In an embodiment of the first aspect, a sparse and separated layer of carbon nanotubes is formed, and wherein a passivation oxide forms in areas of the semiconductor surface between carbon nanotubes. The semiconductor substrate can be a stable electrode for a photoelectrochemical device configured for front-side illumination of the sparse and separated layer of carbon nanotubes.

In an embodiment of the first aspect, the step of providing at least one catalyst particle comprises spin coating or drop casting a colloidal solution of catalyst nanoparticles on the semiconductor surface.

In an embodiment of the first aspect, the step of providing at least one catalyst particle comprises: spin coating or drop casting a solution comprising a metal ion in a solvent on the semiconductor surface; removing the solvent; and sintering in a reducing atmosphere at a temperature of from about 600 C. to about 900 C. for less than 1 minute, whereby catalyst particles are formed.

DETAILED DESCRIPTION OF THE DRAWINGS

All drawings are intended to illustrate some aspects and preferred embodiments. Not all alternatives and options are shown and therefore the invention is not limited to the content of the given drawings.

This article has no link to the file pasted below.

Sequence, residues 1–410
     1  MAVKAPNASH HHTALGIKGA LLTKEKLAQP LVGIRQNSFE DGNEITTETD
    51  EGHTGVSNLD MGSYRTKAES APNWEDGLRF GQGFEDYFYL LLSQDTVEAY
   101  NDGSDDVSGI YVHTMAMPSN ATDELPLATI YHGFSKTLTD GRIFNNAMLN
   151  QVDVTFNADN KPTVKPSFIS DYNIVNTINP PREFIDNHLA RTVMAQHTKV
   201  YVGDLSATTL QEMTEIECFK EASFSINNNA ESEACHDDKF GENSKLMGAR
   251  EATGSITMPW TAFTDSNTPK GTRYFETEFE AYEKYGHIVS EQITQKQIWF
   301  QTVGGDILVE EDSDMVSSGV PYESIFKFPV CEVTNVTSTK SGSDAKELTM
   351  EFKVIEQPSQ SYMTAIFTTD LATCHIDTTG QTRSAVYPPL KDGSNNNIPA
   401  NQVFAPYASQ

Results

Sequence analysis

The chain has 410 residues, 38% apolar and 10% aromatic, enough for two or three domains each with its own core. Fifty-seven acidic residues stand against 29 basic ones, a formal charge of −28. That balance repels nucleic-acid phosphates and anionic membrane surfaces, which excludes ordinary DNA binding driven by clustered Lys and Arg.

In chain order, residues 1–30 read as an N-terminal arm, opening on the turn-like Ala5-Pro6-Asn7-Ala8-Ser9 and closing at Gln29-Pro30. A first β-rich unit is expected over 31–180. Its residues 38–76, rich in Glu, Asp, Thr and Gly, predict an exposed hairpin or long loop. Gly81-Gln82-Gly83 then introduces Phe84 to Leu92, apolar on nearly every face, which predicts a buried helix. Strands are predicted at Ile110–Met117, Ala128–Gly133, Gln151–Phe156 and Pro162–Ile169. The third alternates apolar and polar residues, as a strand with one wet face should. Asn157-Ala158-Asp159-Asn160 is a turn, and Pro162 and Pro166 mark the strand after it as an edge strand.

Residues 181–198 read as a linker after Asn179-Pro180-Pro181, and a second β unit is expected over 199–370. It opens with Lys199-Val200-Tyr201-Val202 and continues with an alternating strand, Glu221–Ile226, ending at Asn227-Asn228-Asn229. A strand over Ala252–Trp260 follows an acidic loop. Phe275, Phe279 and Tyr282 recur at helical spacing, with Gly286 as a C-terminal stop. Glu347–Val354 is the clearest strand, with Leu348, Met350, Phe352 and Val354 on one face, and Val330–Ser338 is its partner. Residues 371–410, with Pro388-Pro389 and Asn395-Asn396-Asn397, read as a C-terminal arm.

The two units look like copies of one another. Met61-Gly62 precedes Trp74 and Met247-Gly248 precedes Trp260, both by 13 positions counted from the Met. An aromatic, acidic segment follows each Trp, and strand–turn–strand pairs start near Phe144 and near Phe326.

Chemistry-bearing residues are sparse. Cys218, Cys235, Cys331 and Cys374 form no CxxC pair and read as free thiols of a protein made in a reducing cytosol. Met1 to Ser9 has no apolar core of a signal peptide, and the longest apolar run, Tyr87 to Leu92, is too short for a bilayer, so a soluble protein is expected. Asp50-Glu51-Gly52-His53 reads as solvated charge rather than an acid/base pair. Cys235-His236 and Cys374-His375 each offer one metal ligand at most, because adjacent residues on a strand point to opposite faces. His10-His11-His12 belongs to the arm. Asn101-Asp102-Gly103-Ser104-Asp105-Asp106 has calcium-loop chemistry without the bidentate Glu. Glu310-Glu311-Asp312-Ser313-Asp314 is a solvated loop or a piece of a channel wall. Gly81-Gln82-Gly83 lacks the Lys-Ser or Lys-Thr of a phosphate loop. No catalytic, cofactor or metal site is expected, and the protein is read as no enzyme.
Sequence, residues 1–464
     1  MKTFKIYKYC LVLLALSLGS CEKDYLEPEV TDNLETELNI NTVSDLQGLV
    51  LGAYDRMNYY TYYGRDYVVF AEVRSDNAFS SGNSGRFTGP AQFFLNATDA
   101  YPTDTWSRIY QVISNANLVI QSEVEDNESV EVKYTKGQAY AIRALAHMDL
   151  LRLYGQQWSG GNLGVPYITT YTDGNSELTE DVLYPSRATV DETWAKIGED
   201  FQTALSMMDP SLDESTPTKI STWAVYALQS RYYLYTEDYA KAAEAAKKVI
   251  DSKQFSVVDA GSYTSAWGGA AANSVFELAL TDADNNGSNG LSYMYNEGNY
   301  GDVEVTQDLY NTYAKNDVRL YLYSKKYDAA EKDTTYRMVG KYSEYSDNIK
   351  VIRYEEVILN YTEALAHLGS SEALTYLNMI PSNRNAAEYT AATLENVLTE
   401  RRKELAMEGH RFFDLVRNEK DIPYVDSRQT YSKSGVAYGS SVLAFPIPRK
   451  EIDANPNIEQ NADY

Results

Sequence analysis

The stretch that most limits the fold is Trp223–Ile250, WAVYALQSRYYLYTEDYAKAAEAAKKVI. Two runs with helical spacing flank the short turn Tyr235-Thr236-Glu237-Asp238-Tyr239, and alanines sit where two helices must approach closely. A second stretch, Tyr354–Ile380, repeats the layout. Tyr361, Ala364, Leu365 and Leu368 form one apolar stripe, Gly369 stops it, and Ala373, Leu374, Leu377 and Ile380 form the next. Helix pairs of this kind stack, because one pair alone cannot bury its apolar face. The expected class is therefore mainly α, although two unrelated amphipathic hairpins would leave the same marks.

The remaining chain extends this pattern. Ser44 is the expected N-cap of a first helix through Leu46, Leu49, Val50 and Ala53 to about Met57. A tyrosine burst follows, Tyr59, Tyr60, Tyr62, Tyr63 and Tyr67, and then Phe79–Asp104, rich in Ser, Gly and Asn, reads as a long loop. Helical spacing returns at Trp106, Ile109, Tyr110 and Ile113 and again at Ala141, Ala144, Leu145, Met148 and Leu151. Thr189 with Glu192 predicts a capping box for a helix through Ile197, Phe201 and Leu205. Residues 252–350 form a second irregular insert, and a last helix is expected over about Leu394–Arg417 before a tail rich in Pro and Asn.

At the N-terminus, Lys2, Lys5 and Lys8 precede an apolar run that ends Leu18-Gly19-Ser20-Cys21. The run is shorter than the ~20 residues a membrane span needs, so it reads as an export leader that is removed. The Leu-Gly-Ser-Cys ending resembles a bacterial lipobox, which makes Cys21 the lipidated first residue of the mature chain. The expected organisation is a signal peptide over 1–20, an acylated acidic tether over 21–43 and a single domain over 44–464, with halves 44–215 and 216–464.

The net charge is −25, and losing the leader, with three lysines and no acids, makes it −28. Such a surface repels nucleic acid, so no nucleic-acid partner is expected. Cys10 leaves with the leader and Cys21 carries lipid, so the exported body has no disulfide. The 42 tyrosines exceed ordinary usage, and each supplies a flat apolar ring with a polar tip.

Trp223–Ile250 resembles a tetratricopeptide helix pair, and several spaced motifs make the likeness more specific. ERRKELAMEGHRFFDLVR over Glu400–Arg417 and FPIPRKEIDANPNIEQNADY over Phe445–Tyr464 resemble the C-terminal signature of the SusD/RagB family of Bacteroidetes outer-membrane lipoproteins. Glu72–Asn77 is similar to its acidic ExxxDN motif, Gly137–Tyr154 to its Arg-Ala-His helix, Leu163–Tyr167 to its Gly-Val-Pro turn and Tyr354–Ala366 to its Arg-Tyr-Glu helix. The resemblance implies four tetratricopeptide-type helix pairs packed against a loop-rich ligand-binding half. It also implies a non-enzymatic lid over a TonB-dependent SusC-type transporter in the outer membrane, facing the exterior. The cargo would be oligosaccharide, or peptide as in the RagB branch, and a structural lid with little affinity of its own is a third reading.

FIG. 1 depicts the principle of a prior art photo-electrochemical cell. Photons from the incident light generate electron-hole pairs which are separated by the electric field in the space-charge layer of semiconductor. The holes are driven to the surface of the semiconductor or the semiconductor/electrolyte interface where they are scavenged by the reducing species, Red, transforming it to its oxidized form, Ox. The oxidizing species, Ox, are reduced again at the reversible counter electrode (e.g. Pt).

FIG. 2 depicts passivation of a silicon surface. The oxidation of the silicon surface forms a passivation oxide layer which impedes electrochemical reactions thus making it unsuitable for photo-electrochemical cells.

FIG. 3 depicts the photo-electrochemical response of n-type Si electrode in aqueous solution. Three-electrode measurements with n-type Si semiconductor electrode under white light illumination, a Pt mesh as a counter electrode and Pt wire in Luggin capillary as reference electrode are depicted. The solution is 0.35M K4Fe(CN)6, 0.05M K3Fe(CN)6, 0.2M KCl in water. Strong deterioration of the photo-electrochemical response was observed after four scans, as the bare Si anode oxidizes quickly in aqueous medium even in the presence of a large amount of K4Fe(CN)6 as the reducing species and stabiliser.

FIG. 4 depicts the photo-electrochemical response at n-type Si semiconductor electrode in organic medium.

FIG. 5 depicts different structures of CNT functionalized semiconductors according to the preferred embodiments.